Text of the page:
Unfortunately, you can’t embed the map here, but as of Feb. 22, New Mexico schools are among the least reopened in the entire nation, a situation that is problematic for our State and its future. According to the Burbio data:
New Mexico schools are 21.3% open;
Arizona is 68.6%;
Utah is 90.2%;
Colorado is 77.1%;
Oklahoma is 67.5%;
Texas is 90.8%.
Whether these states spend more or less than New Mexico on K-12 and whether or not they have expensive pre-K programs, every other state in the region is blowing the doors off New Mexico. Of course, our State’s largest school district, Albuquerque Public Schools, has already punted on the entire 2020-2021 school year.
The fact that Albuquerque Public Schools has refused to reopen its doors to students for the duration of the 2020-2021 school year means (under Gov. Lujan Grisham’s COVID 19 rubric) that students at APS schools won’t be able to play sports. This led to protests over the weekend.
Should APS students be able to play sports? Should they be allowed to go back to school? The simple answer is YES to both. For the duration of COVID 19 the Rio Grande Foundation has urged policymakers to maximize individuals’ ability to decide how much risk they are willing to tolerate in going about their lives (or taking COVID precautions).
Ultimately, the problem here is one-size-fits-all policies that put policymakers in charge of decisions for which they simply do not have the capacity to make basic tradeoffs. The one-size-fits-all component transcends COVID. It has been a harmful feature of the government education monopoly for decades.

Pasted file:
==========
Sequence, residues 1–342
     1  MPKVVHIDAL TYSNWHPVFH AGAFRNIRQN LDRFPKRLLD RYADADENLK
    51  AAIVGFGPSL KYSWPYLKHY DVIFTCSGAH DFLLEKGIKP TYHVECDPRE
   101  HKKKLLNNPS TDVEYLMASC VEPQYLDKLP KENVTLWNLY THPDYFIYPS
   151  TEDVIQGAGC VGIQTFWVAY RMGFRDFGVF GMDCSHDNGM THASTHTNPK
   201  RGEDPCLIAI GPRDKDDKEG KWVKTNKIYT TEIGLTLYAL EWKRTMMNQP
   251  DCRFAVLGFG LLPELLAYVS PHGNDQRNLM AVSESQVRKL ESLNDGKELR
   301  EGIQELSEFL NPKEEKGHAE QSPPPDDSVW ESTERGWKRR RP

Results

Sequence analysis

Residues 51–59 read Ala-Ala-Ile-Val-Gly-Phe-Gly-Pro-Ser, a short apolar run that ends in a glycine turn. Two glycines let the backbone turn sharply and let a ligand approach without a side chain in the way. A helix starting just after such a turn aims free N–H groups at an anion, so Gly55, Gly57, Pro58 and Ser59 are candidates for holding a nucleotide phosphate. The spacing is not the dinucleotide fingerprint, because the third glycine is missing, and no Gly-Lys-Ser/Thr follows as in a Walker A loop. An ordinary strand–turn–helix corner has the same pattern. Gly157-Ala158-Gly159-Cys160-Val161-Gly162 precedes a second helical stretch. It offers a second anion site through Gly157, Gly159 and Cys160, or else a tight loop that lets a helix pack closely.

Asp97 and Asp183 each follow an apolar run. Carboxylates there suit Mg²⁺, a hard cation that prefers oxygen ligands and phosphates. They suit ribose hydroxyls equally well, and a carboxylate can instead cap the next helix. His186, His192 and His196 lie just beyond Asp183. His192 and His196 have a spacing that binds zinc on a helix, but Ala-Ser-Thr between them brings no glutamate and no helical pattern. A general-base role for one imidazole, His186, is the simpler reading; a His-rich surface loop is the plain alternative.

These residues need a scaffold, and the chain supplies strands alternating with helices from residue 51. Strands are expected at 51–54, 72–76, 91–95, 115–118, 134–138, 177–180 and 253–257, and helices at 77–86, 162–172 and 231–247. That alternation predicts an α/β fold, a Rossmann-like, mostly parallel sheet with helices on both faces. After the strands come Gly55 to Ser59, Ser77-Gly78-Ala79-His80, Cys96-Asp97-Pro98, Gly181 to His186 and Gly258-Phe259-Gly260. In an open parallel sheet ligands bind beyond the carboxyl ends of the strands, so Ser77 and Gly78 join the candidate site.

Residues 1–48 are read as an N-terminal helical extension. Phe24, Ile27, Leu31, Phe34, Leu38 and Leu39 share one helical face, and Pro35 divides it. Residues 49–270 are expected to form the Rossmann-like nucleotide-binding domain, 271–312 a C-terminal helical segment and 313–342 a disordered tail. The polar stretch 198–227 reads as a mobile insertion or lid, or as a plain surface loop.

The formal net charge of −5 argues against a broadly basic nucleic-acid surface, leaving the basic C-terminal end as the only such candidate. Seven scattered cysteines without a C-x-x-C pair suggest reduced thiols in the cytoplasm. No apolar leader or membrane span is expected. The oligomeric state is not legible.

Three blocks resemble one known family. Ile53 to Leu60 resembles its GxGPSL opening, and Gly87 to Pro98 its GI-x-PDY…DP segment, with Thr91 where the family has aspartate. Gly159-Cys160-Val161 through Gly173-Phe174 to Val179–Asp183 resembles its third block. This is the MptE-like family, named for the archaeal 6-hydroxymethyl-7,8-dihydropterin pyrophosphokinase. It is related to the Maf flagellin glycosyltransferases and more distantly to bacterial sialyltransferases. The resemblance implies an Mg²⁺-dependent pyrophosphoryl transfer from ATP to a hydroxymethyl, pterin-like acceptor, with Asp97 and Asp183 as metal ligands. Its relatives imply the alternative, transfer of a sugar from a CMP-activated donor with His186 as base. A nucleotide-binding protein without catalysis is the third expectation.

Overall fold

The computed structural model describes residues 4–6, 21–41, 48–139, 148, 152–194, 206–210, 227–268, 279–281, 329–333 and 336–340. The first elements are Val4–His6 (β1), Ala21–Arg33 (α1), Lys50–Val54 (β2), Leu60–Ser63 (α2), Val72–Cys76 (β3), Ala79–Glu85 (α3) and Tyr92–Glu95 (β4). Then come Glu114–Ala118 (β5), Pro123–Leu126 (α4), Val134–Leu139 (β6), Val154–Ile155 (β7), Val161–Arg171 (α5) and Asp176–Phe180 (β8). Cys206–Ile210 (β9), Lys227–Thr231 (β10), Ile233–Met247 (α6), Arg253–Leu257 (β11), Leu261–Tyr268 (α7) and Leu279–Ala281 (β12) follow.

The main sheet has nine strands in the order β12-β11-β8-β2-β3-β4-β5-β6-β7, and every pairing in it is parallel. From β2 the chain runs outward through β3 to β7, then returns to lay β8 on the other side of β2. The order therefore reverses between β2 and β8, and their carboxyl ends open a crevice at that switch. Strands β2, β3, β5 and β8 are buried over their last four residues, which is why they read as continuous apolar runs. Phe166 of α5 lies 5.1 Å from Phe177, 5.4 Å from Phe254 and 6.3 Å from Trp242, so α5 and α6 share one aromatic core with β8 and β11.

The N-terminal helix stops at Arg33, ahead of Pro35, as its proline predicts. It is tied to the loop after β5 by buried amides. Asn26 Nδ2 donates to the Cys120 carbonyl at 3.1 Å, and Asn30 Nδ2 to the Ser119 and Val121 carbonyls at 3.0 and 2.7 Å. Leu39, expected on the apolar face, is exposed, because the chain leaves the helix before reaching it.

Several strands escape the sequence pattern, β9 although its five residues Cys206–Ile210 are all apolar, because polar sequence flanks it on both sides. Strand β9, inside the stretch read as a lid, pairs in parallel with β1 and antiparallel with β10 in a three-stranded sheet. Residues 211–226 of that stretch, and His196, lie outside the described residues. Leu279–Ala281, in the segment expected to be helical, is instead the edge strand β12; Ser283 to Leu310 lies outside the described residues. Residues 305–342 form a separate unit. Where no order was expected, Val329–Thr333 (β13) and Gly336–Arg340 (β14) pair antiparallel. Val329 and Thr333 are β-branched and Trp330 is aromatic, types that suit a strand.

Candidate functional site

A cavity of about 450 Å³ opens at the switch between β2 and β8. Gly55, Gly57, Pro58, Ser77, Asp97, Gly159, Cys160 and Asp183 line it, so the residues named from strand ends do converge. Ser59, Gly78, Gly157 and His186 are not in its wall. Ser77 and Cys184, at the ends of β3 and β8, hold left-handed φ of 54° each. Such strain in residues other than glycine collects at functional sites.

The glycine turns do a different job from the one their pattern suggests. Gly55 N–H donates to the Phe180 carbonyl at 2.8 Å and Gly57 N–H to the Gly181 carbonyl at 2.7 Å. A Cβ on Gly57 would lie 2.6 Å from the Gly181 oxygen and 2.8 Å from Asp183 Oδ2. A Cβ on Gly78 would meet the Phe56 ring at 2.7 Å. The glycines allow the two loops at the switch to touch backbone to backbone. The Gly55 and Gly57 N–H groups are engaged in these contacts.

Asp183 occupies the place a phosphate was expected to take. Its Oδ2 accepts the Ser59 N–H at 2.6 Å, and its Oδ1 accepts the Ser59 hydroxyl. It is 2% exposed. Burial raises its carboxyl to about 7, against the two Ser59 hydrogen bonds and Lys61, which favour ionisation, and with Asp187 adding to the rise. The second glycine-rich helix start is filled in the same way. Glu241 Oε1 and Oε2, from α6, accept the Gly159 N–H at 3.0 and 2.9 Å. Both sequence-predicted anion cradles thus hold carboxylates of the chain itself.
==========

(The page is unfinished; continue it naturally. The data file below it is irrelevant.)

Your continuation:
In New Mexico, when politicians talk about “diversifying the economy,” they usually mean “finding new taxes in order to spend more money.”
That’s partially because we have so many state and local government workers (let alone federal employees and contractors). Even a global pandemic can’t stop New Mexico from growing as the map below from The Washington Post shows.
While most other states saw reductions (often major) in state government employment, New Mexico’s already-bloated government workforce grew by 4%. That is tied for the fastest growth in the nation.
In the last month, New Mexico and the United States as a whole have witnessed unprecedented attacks on the traditional energy sector. Nationally, President Biden’s ban — for now, just described as a pause — on new oil and gas leases on federal lands has been well documented. So too has his revoking of the permit for the Keystone XL pipeline.
While such decisions are undoubtedly popular with radical environmentalists and their well-funded allies, it is hard to see how they — or anyone likely to follow them — will achieve the reductions in CO2 emissions necessary to make any difference to the climate. Look, for example, at the impact of the Keystone XL pipeline decision. With no available pipeline, Canada and its oil producers will simply load their oil onto trains or trucks, relying instead on modes of transport that are more risky and less energy-efficient. Indeed, doing so will involve higher greenhouse-gas emissions than the pipeline would have, especially considering the pipeline developers’ recent promise to use only renewableenergy to operate the project.
Even if a relatively small amount of U.S. oil and gas production comes from federal lands, bans or restrictions there will have a disproportionate effect on a good number of states and their economies (like my own in New Mexico). Half of New Mexico’s oil and gas production — much of it fracked — is on federal land. Long-term curtailment of oil and gas drilling on federal lands would devastate the state’s budget.